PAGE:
Interview on Donor-Centric Fundraising

Third Sector New England podcasts are designed to provide non-profit executives, managers and staff with practical “how to” strategies to help their organization and community thrive.

Podcasts to Build Nonprofit Capacity

Third Sector New England podcasts are designed to provide non-profit executives, managers and staff with practical “how to” strategies to help their organization and community thrive.

Following is the transcript of Part 1 of the highly-anticipated fall 2007 interview with fundraiser extraordinaire Simone P. Joyaux, ACFRE, Joyaux Associates, by media-maker David Tames.

David Tames: What are the basic components of a vigorous non-profit fund-raising program? For example, annual fund-raising campaigns and things like that.

Simone Joyaux: You know David, it’s really interesting that you ask the question that way with your “for example and annual fundraising campaign,” etc. I would have asked it that way years ago, but I wouldn’t now.

So, for example, when you say, What are the basic components of a vigorous fund-raising program? For example, annual fund…, I would say the answers are a:

  • Really good case for support

  • Donor-centered approach, which I know we’re going to talk about

  • Very strong relationship-building program

  • Understanding that everything else in the organization affects fundraising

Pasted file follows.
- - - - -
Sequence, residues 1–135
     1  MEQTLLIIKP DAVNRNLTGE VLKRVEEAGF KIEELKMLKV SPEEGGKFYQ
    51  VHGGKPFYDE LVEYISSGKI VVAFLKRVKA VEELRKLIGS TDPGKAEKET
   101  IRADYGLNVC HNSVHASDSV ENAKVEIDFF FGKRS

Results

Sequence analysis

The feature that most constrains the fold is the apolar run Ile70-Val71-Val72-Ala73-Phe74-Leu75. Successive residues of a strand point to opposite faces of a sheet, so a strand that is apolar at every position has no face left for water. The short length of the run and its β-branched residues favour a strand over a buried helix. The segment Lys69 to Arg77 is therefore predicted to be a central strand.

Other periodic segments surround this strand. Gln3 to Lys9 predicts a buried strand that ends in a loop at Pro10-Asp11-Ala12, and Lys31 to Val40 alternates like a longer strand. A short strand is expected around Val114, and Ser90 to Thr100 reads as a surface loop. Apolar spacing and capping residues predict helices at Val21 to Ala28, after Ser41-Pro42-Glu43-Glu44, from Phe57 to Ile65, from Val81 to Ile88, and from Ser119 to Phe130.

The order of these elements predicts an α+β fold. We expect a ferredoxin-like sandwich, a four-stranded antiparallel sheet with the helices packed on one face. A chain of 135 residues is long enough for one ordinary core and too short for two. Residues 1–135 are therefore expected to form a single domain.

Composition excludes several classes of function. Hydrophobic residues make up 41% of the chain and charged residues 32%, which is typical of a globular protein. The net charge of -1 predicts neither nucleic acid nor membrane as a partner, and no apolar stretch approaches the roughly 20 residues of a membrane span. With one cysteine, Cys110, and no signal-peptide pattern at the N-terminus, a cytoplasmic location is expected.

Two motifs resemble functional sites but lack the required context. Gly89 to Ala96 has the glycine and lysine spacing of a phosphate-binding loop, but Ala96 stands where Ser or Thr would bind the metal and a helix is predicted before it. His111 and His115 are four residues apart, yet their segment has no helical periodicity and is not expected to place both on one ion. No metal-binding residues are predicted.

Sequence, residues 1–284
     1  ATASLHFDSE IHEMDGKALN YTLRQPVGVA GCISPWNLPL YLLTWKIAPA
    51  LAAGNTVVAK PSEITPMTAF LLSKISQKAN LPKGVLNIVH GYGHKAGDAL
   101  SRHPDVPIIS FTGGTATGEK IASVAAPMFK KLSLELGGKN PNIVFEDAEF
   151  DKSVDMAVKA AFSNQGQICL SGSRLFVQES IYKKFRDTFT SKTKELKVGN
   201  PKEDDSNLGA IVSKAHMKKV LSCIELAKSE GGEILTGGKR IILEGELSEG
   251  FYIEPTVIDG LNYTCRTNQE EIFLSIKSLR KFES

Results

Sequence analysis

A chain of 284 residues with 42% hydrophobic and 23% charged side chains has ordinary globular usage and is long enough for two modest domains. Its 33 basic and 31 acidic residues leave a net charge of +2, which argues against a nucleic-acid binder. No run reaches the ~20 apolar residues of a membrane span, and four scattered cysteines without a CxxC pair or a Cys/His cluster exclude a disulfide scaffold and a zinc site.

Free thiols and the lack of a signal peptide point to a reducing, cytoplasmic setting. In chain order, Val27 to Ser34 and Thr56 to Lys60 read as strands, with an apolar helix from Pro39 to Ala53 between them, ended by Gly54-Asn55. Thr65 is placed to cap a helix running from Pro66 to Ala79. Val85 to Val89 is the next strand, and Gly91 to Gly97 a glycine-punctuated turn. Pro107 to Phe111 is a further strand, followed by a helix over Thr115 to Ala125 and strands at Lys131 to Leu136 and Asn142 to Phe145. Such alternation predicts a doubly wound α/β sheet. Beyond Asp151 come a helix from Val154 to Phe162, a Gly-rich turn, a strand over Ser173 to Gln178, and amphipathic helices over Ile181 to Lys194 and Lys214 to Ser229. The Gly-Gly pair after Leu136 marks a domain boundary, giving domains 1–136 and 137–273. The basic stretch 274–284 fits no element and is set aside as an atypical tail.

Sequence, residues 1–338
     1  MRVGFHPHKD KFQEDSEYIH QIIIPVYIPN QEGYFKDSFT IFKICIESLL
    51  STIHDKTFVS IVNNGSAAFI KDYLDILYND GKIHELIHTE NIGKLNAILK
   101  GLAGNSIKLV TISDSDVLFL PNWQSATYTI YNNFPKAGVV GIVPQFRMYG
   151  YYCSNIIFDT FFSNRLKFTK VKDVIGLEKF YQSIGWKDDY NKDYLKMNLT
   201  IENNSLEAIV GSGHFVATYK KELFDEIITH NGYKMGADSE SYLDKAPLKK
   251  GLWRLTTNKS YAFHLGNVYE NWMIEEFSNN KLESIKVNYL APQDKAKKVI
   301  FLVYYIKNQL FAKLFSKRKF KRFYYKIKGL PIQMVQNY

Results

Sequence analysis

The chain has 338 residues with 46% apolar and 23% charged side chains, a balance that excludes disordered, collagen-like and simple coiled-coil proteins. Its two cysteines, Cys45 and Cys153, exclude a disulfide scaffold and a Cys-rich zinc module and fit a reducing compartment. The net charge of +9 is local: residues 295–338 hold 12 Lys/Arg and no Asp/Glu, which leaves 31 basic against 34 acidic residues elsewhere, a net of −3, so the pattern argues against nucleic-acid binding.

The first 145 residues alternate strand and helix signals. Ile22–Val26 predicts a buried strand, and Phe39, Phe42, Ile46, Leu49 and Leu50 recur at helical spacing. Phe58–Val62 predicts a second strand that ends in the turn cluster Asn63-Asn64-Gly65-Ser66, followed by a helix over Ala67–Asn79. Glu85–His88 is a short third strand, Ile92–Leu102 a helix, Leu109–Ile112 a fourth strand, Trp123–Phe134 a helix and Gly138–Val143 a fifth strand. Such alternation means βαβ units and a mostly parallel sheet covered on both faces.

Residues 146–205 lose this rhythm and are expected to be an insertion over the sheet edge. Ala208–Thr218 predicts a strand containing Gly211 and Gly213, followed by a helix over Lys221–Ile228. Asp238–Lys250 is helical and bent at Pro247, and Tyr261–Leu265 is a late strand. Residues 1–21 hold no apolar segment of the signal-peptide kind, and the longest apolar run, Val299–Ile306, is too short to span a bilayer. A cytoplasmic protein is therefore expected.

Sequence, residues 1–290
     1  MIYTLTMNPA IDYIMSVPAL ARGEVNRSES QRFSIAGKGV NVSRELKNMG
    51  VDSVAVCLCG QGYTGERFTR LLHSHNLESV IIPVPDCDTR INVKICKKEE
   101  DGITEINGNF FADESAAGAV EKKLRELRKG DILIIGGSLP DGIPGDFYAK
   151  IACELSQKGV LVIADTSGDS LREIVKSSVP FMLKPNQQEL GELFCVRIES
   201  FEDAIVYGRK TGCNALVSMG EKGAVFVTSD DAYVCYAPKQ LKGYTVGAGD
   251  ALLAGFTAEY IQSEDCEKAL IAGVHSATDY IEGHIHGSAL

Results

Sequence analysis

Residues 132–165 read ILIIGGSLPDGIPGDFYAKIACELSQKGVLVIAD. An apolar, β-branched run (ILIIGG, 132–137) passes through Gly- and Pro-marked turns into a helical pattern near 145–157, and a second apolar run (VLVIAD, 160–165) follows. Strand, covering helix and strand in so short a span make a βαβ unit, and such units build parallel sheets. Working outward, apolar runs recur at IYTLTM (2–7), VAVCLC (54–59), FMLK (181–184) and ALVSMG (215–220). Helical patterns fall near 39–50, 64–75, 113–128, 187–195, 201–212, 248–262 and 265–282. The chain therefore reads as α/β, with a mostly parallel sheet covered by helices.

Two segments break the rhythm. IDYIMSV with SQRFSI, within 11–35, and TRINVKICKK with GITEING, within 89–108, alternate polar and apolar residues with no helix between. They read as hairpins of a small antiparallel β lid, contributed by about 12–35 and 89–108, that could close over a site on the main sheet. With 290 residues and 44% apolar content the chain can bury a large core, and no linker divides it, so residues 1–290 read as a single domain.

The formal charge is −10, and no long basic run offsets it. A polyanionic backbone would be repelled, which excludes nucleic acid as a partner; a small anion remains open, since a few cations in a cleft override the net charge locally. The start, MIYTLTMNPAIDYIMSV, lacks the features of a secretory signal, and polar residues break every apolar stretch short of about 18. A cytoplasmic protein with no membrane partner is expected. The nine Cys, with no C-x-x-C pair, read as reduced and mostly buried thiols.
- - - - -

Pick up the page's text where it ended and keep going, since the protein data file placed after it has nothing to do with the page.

So if you’re not a top-quality, well-organized, systems-thinking-based organization, your fundraising isn’t going to be so good. And notice, I have not yet mentioned an annual fund-raising campaign or anything else. So, that’s my answer.

David: Okay, so you mentioned donor-centric fundraising. What is that?

Simone: Donor-centric fundraising is both old news and new news, first. It’s the thing everyone is kind of talking about, and has been for the past 5 years. The sad reality is that we shouldn’t have been talking about it for just the past 5 years. It’s forever. We always should have been donor-centric and donor-centered.

It’s a fundamental concept. And it’s an attitude, first. It’s personality, and by that I mean everybody in the organization feels in their hearts, in their souls, and in their minds that donors are critical, donors of time or money. That without those donors of time, as in volunteers, and those donors of money, we the organization cannot do what we do. We exist, we do our good work, based on these caring donors. That’s an attitude.

You can feel it. You can see it when you walk into an institution. It’s the way they treat all their clients, all their donors, all their volunteers. They’re welcoming. They greet you. They’re customer-service oriented. That’s the sort of personality, instead of thinking that donors are the means to an end.

David: I'm wondering could you give us an example of how being donor-centric can change the way a nonprofit develops its fund-raising strategies and activities?

Simone: I was making a presentation a few months ago, and we were talking all about being donor-centered and building relationships. One of the board members, in the audience, said, “Well, for heaven's sake! This is just an enormous amount of work, and once we’ve got these donors, we’ve got them. I just don’t see why we have to nurture relationships.”